One day I found myself buying someone else's secrets.
I was exploring The Bargain Box in Upstate New York, in a lull between finishing a college tour and waiting for the Amtrak train to return back to New York City. In my hands, I grasped a weathered notebook with doodles on the front cover; below it, the name "Grace Stuart"* had been penciled in.
I thought it was odd that someone would donate this diary (complete with full name, home address, and school) to a stranger. The idea of the diary was magical and compelling; it was as if I had stumbled upon a historic document about a suburban teenager from who-knows-when. If you've ever kept one, you'd probably agree that a diary is one of a teenager's most sacred possessions. There are so few things that we teenagers can truly claim ownership to, spaces where we can cultivate our own styles. A diary is a great place to do so.
When I got home, in a Harriet the Spy moment, I signed onto Facebook to see if I could find Grace. Based on dates in the diary, I knew she must be just a few years older than me. The same girl who once loved writing silly stories and singing in her church choir and hated some kid in her class named William that she had detailed in her diary was now in front of me on the screen.
I feel like there was a reason I, Emma Orlow, found the diary. Not to expose its contents, but rather, to think more carefully about its meaning. And so ever since I found Grace's diary I've been thinking a lot about paper trails. I started my blog, The Emma Edition, in middle school. Unlike Grace's diary, my blog is in a public forum, and functions as a virtual journal through which I can see a progression and development of my aesthetic and writing, as well as express my opinions on style, culture, and New York. I guess it's indicative of growing up in the Age of the Internet, but without my form of a diary being open online, I don't know if I would've obtained the same opportunities to write for magazines and websites that I have. I often think about the fact that this world that I've created myself is so intertwined with being online, that what would happen if the Internet suddenly had a permanent blackout? I imagine an ominous black hole, sucking away my blog posts, all the photos I've shared on Tumblr, my witty banter on Twitter, my online shopping wishlists, the playlists I've made on 8tracks, leaving me with nothing but a piece of paper of the Internet's resignation in the place of my laptop screen. What tangible representation of myself would I then have to share with my generation and those that follow? It might sound silly to conjecture, but I have a feeling that many of you are also just as dependent on your relationship with a computer. That's why Grace's diary has made me increasingly more interested in spending time on my sketchbook -- which in some ways is becoming a way to mix of all of my Internet facets.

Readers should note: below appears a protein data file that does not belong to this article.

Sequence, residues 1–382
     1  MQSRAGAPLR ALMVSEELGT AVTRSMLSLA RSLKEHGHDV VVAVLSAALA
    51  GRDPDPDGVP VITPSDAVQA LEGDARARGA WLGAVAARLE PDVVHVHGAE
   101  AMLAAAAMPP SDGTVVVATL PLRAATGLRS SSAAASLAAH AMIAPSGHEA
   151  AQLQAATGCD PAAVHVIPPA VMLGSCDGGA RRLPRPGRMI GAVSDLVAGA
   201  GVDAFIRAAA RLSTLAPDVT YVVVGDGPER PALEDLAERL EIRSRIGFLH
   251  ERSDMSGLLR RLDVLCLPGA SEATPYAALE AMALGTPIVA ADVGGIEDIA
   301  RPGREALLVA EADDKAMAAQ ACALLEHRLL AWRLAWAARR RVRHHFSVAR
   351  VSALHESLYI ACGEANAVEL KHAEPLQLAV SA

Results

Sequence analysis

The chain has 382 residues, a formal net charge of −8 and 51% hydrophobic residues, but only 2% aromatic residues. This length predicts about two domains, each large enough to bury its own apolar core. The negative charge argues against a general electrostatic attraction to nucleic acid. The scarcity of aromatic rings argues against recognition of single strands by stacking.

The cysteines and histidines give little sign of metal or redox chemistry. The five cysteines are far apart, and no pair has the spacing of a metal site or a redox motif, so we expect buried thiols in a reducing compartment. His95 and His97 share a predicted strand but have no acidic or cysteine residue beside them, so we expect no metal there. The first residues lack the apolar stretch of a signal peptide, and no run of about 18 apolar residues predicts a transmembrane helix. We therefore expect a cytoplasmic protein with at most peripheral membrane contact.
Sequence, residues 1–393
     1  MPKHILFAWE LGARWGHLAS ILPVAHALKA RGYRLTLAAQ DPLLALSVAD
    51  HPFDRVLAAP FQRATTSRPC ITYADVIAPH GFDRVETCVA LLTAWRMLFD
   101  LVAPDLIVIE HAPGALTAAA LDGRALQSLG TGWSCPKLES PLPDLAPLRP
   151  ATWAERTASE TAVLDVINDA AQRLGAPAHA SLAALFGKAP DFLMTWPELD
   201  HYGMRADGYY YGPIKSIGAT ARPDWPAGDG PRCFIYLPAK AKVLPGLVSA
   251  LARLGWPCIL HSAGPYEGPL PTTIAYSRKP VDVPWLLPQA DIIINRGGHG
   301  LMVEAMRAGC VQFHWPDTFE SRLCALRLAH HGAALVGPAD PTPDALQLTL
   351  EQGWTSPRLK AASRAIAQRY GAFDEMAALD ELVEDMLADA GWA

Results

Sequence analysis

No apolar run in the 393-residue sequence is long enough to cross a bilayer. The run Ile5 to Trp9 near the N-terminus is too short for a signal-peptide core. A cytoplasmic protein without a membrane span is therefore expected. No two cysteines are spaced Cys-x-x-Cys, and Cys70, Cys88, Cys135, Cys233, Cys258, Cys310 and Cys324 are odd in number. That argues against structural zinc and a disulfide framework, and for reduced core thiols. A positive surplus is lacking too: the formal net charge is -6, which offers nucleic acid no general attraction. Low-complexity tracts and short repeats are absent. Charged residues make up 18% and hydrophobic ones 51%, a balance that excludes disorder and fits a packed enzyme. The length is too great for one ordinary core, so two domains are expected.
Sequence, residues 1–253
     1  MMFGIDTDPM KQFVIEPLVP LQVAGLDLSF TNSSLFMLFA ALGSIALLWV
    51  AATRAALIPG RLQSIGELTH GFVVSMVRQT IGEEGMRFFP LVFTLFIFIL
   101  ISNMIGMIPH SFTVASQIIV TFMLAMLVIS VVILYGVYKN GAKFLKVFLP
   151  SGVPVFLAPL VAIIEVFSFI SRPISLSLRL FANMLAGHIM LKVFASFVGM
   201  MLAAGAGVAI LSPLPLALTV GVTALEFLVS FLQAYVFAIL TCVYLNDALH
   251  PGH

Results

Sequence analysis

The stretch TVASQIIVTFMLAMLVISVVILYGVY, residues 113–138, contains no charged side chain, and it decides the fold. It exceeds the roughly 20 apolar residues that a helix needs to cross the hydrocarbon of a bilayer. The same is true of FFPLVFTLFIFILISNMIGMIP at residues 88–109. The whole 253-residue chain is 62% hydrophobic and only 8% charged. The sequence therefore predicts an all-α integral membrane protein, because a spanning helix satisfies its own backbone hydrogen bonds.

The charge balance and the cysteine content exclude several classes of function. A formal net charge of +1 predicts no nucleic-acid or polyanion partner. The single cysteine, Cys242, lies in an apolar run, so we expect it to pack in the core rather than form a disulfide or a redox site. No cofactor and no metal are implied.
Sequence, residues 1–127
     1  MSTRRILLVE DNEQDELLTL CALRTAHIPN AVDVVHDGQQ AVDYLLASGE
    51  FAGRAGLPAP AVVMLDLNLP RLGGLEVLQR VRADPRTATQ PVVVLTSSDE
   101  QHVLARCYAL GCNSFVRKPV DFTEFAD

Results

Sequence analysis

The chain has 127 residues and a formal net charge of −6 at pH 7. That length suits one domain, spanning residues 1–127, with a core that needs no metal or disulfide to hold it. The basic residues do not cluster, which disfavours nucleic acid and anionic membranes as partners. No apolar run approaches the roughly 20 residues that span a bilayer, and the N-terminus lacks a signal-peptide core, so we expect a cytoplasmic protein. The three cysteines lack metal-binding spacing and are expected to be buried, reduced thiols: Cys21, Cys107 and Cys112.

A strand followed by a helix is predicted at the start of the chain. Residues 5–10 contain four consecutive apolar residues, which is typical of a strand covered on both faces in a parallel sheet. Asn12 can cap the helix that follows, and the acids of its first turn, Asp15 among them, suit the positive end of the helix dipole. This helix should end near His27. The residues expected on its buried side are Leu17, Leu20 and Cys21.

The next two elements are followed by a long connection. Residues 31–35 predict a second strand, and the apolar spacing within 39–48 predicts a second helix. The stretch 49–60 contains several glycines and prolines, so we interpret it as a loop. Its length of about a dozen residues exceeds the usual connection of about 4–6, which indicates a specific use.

Grace graduates college the same year that I will enter college. Although we have virtually nothing in common (I am not particularly sporty, nor am I religious, and prefer an all-day "Ugly Betty" marathon to horseback riding), I feel a connection between us. I almost now want to donate one of my diaries to a local thrift store, hoping that it, too, will fall into the lap of a younger girl, bestowing profound meaning upon her. Almost...
*Note: the name of the diarist has been replaced for the purpose of this essay to protect their identity.